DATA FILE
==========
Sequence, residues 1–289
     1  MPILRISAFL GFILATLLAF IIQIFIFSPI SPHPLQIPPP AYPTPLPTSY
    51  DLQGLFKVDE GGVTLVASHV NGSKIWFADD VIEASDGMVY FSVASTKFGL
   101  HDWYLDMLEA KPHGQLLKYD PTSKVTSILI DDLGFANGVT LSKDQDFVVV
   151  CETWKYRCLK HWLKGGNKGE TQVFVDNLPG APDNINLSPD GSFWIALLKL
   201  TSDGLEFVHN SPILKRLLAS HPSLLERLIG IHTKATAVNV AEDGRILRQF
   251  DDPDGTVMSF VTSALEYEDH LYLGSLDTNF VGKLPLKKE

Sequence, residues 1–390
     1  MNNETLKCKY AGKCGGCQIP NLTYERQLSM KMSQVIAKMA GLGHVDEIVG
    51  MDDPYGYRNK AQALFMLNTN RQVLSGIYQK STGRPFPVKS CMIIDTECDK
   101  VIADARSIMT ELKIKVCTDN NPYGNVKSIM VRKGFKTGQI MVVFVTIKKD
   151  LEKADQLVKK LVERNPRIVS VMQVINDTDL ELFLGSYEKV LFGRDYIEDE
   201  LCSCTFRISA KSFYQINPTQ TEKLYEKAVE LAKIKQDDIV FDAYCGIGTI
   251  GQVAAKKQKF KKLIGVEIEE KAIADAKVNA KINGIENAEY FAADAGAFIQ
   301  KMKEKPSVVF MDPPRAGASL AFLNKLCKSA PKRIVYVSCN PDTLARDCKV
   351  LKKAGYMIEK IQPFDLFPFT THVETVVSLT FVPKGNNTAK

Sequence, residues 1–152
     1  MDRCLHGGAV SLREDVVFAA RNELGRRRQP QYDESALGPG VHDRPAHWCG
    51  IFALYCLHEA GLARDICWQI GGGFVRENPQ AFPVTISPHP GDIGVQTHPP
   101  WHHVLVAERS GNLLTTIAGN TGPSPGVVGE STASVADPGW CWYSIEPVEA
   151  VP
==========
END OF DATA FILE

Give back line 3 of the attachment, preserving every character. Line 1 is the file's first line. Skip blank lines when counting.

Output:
    51  DLQGLFKVDE GGVTLVASHV NGSKIWFADD VIEASDGMVY FSVASTKFGL